Arlington Citizen-Journal

July 7, 2014

Eyes on Arlington: Girls, Inc. of Tarrant County honored at national conference

The club has grown from serving eight girls in a borrowed facility to serving 10,899 girls in 2013 throughout Tarrant County through two offices, in Fort Worth and Arlington, as well as many school-based programs.

At the spring national conference in Washington, D.C., Girls Inc. received the 2014 Outstanding Affiliate award at the annual meeting where member organizations from across the country were in attendance.

Jennifer Limas, president and CEO of Tarrant County’s Girls Inc., said there is an extensive list of criteria required to win the award. She said the agency “met and exceeded all considerations, some of which include growth in the number of girls served with impact, increase in revenues raised, increase in total service hours to girls, and tracking and reporting meaningful outcomes from services.”

“With the cooperation of local school districts, Girls Inc. had provided opportunities for girls to learn and develop self-esteem, leadership, and a quest for knowledge. Their young lives are forever changed,” said board Chairwoman Barbara Williams in a statement.

Girls Inc. of Tarrant County was founded in 1976 as the Arlington Girls Club by community leaders who saw the need for comprehensive services for girls. The club has grown from serving eight girls in a borrowed facility to serving 10,899 girls in 2013 throughout Tarrant County through two offices, in Fort Worth and Arlington, as well as many school-based programs.

Development Director Amy Rasor said, “This [award], in conjunction last year’s award from the Arlington chamber for being the 2013 Outstanding Nonprofit, demonstrates the agency’s achievements over the past year.”

In other recent Girls Inc. news, 58 college-bound young women were recently presented with backpacks filled with supplies as part of the United Way’s 2014 Day of Action project.

“Boxes of notebooks, pens, binders and other school supplies were contributed along with flash drives, restaurant gift cards, towels, laundry baskets and other items. Even some wish list items such as a laptop and printers were contributed by generous donors, along with hundreds of dollars that United Way used to purchase additional school supplies,” said a United Way representative.

Members of the United Way Young Leaders Society organized the Day of Action on June 21. Many wrote notes of encouragement to the young women from Girls Inc. who are headed for college, many of whom are the first in their families to do so.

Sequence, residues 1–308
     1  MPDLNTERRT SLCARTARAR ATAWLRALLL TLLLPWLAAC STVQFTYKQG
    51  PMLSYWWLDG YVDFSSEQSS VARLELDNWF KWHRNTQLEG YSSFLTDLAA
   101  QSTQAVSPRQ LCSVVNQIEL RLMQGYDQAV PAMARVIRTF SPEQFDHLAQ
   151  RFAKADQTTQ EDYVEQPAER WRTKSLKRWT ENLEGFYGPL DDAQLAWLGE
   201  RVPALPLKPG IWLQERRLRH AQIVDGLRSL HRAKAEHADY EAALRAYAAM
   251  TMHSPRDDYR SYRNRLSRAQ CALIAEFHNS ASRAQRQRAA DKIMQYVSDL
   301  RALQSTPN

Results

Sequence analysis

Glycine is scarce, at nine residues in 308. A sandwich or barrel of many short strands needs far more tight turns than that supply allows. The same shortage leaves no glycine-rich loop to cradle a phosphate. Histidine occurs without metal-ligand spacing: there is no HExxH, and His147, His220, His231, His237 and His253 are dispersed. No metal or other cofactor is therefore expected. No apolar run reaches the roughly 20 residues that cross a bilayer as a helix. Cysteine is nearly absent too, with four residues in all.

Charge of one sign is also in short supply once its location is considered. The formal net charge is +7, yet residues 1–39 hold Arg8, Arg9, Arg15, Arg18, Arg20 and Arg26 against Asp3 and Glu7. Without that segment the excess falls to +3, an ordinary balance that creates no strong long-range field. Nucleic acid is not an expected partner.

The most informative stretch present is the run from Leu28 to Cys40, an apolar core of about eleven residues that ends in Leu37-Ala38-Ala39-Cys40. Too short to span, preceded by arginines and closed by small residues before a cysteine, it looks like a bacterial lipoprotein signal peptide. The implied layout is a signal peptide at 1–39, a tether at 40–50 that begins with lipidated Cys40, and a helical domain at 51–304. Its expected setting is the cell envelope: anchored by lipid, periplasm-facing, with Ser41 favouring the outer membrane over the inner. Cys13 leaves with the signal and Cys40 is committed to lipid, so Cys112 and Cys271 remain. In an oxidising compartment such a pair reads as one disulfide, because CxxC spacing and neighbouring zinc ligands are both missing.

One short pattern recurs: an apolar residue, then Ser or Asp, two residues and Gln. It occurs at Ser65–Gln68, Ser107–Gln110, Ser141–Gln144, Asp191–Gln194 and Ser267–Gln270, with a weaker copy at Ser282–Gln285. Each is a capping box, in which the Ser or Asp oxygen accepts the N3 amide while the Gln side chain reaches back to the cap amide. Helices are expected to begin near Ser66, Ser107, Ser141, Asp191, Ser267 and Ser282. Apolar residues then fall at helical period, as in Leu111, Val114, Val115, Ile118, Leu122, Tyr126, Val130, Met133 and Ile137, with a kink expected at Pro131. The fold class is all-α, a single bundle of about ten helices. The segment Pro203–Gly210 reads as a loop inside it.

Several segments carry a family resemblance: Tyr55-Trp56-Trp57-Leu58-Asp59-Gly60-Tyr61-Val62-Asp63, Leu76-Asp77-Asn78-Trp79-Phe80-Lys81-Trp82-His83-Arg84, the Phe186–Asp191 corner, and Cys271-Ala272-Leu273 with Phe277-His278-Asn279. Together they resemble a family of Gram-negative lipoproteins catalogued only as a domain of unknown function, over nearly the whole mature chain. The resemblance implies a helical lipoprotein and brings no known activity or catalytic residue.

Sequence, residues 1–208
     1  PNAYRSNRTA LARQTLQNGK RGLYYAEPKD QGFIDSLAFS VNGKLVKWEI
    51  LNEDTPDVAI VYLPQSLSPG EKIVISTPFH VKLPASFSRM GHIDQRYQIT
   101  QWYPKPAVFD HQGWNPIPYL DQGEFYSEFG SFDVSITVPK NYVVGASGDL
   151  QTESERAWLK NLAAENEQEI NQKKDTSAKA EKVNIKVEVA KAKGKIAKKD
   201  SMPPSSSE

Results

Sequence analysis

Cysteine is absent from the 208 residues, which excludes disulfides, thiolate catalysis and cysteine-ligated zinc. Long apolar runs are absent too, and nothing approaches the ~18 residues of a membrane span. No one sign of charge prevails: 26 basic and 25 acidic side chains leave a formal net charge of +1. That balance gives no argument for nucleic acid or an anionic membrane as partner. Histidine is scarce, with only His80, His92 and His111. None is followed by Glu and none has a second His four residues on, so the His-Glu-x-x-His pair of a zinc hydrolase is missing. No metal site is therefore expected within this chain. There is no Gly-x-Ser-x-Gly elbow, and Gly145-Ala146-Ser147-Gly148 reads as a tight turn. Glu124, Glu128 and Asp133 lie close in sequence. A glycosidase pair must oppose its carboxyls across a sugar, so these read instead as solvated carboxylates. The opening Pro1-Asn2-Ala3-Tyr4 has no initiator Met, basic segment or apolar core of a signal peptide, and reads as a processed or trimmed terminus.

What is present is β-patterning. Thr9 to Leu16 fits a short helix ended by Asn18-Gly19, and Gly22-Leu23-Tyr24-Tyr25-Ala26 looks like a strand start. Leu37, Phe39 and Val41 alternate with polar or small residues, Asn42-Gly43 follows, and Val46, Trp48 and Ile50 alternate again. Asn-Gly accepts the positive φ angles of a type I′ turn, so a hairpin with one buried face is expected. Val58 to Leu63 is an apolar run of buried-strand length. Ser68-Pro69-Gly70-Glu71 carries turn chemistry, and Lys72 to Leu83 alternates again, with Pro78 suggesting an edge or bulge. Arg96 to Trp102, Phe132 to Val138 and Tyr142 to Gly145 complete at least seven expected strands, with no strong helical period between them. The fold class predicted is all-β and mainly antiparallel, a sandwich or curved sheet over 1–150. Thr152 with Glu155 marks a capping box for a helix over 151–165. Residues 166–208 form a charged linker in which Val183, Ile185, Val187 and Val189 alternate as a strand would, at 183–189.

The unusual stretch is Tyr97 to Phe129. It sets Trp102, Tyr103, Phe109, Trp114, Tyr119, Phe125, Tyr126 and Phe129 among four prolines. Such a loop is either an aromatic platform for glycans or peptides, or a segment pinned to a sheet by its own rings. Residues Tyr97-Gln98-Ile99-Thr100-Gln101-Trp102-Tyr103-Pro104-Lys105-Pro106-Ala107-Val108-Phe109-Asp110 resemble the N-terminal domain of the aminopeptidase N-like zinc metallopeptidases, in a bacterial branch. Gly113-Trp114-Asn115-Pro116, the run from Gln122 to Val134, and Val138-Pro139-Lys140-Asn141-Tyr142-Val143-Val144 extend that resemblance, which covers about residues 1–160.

To learn more, visit or call Rasor at 817-468-0306.

Woman’s club officers installed

Far, far from a solemn formal ceremony, the recent installation of officers for the Arlington Woman’s Club was conducted by mermaids, no less, that anointed the new officers as “ambassadors to the sea.”

Dressed in iridescent mermaid green, the officiators were members Vicki King, Cissy Conley, Charlene Mahan and Juanice Young. In a clever metaphor for leadership and diplomacy, they presented each of the incoming officers with a crown, a mermaid tail and a bundle of long flowing hair to equip them to become “ambassadors to the sea.”

President Becky Lucas will serve a second term with assistance from incoming officers who include Judy Duke, Carolyn Jolly, Elouise Perry, Laura Lace, Doris Short and Pauline Hornsten.

Special guests at the event were seven of the club’s past presidents, including Marjoray Wilemon, who served as president from 1967 to 1969. Receiving the Cooper Award was member Nancy York in recognition for extraordinary service to both the club and community.

Other honorees were Cindy and Steve Ehrlich, Dianne and Ned Patrick and Alicia and Thad Smotherman, who received the President’s Award given to nonmembers for exceptional support and generous contributions to Arlington Woman’s Club.

Philanthropy chairwoman Beth Anderson announced that through various fundraising efforts, the club scholarship fund would grow by nearly $4,000 to enable the organization to continue funding scholarships for high school seniors. And in a special presentation, she presented a check for nearly $12,000 for the Reading is Fundamental program that serves more than 30 elementary schools in Arlington.

“It takes $11,000 yearly to supply books to Arlington’s Title I elementary schools,” said Linda Pempsell, a representative from Reading is Fundamental, as she gratefully accepted the check for the charity.

To learn more about the Arlington Woman’s Club, contact the office at 817-277-7666.

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